Vellore ‘meteorite’ strike: Stone handed to IIAP

Vellore ‘meteorite’ strike: Stone handed to IIAP

Senior officials said the truth behind the incident will be revealed after the IIAP analysis.

A paddy field in Vellore which also has a similar crater.

A senior scientist from Indian Institute of Astrophysics’ Vainu Bappu Observatory at Kavalur received the only evidence of the Vellore meteorite incident — a “dark bluish” stone weighing roughly 10 gm — from Tamil Nadu police on Tuesday.

The stone was recovered around 40 m away from the nearly 4 feet deep crater left behind by the explosion on the campus of Bharathidasan Engineering College in Natrampalli near Vellore, an accident that killed one and injured two.

Senior officials said the truth behind the incident will be revealed after the IIAP analysis.


Meanwhile, the college campus witnessed several visitors on Monday, including officials from Tamil Nadu forensic science department, geologists and a forensic surgeon who conducted the autopsy of V Kamaraj, the driver employed at the college who was killed in the incident.

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The police team probing the incident is also waiting for results of 100-odd samples collected from the body before ruling out the presence of chemical or explosive substances. “Preliminary observation from the autopsy is that the explosion took place above ground level, at least at the height of a person,” said a senior police officer.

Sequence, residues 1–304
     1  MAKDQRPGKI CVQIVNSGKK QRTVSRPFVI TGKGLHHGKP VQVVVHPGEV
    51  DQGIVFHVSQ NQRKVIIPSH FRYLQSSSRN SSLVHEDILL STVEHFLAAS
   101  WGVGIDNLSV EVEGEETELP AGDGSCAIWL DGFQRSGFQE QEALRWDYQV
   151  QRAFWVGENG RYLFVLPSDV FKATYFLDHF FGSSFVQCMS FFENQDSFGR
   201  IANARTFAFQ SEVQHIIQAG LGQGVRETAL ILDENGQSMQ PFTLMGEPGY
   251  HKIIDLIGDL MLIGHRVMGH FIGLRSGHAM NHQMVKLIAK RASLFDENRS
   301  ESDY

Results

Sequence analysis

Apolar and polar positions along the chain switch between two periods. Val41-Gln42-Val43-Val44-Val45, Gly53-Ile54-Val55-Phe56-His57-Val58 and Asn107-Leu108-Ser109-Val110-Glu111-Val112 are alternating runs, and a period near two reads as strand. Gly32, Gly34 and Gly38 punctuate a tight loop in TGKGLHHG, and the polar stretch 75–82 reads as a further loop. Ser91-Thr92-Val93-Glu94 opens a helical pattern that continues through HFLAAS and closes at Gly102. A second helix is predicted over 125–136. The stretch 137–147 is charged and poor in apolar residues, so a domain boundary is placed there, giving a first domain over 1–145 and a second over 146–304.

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K Pari, assistant director of the state forensic science department, said multiple samples from the spot and Kamaraj’s body had been sent to various agencies to ascertain the truth behind the explosion. “We are waiting for the results, although it has largely been confirmed that a meteorite hit the campus,” he said. With a small piece of stone being the only sample recovered from the spot, Pari said the crater must have been formed due to high pressure waves of the explosion.

The team of geologists was led by K Anbarasu, principal of National College, Trichy. He said his team, comprising a chemist, a biotechnologist and a retired official of Geological Survey of India, has collected multiple samples of rocks and soil for analysis at his laboratory. “Most samples we collected are magnetic in nature. But we cannot confirm it was a meteorite until we get results of the chemical analysis,” he said.

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